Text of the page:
I’ve always felt like I was weird.
I’m goofy and dorky and awkward. I make faces like that when I’m supposed to be a composed bride.
Sometimes people stare at me. There is pointing. And whispering.
I didn’t go to school the way most other people did. I had different experiences and I didn’t know things that other people knew about. I didn’t know how to play hopscotch or jacks, I knew how to play poker and craps – those were the kinds of games we played on set.
I was super insecure about that. I liked my job as an actor, I enjoyed working, but I also felt ashamed because it made me different.
I felt like I’d never fit in anywhere.
But I’ve realized that the vast majority of people feel like they are different for one reason or another. They think that they don’t fit in. That they have to hide something about themselves so that other people will accept them.
But the problem with that fear is that it isolates us and keeps us in situations that stifle our talent and true purpose.
That thing that makes us feel weird is actually really important. That thing can make us powerful. Because if we can learn to embrace that, we can do anything. If we embrace our weirdness, we can be our true selves and bring our own unique perspective and experience to the world.
Hiding and feeling ashamed just doesn’t work. The desperate desire to fit in only makes us invisible.
I was always terrified to share my writing because I was worried that people would tell me that I sucked…and I didn’t know if I could recover from that. But I realized that I’d never be happy if I didn’t at least attempt thing I was most passionate about. It got to the point where it was more painful to stifle what I loved than it was to be criticized for it.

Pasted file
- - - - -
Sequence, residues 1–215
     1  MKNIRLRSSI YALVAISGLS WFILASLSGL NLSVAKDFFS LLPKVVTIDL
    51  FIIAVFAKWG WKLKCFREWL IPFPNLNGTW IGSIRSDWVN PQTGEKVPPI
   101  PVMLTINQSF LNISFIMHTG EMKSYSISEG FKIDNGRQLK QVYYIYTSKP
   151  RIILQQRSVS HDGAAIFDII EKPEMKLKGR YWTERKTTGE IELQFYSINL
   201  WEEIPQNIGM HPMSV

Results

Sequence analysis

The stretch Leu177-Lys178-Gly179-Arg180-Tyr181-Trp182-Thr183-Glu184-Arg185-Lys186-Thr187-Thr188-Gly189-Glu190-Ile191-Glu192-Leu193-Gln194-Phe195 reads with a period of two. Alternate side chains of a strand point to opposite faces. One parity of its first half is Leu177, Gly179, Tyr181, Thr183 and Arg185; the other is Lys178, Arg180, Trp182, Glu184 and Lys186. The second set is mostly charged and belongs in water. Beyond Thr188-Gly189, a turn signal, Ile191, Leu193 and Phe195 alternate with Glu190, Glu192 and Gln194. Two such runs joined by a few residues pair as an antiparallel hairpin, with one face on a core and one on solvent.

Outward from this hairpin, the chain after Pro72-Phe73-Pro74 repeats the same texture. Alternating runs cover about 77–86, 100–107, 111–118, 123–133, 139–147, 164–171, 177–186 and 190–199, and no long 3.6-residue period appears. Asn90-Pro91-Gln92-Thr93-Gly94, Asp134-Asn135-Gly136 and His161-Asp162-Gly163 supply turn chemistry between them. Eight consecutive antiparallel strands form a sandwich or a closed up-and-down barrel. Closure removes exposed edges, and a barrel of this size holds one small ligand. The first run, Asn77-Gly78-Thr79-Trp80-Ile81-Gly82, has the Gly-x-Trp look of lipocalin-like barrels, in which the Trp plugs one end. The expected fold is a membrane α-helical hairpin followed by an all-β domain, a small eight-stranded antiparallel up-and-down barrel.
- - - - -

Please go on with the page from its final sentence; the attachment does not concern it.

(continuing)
After I started this blog — that really scary thing actually happened. There were some people who told me I sucked. Anonymous Huffington Post commenters said all the terrible things I worried people would say, that I was washed up and irrelevant and a bad writer and it made me cry and feel miserable.
It felt like a punch in the face.
But it didn’t kill me.
Because, actually, it didn’t matter what they thought of me. There are plenty of other things those people can read on the internet. There are lots of things about cats wearing sunglasses and endless Buzzfeed lists — and I hope they enjoy those more than my work. Eventually, I stopped crying and went back to my desk and I wrote more. Because my job is to write. Because it’s none of my business what those other people think about me – it matters most what I think about me.
That’s what happens when you embrace your weird.
When you get comfortable with your weird, then you no longer feel the need to pick on someone else for theirs.
In embracing my weird, I wrote my first book. And then my second book. I started giving talks at colleges, high schools, and conferences. I brought to light everything that I was once ashamed of. I talked about how I never graduated from high school, that characters in books were my best friends, that I struggle with anxiety and panic attacks.
I’ve gotten to the point where I would rather fail than quit – and that’s when cool things become possible.
(By the way, this is pretty much what I talk about when I do workshops and talks. If you think your school/conference/company might want to hear more about embracing your weird – contact me – LisaJakub108@gmail.com)
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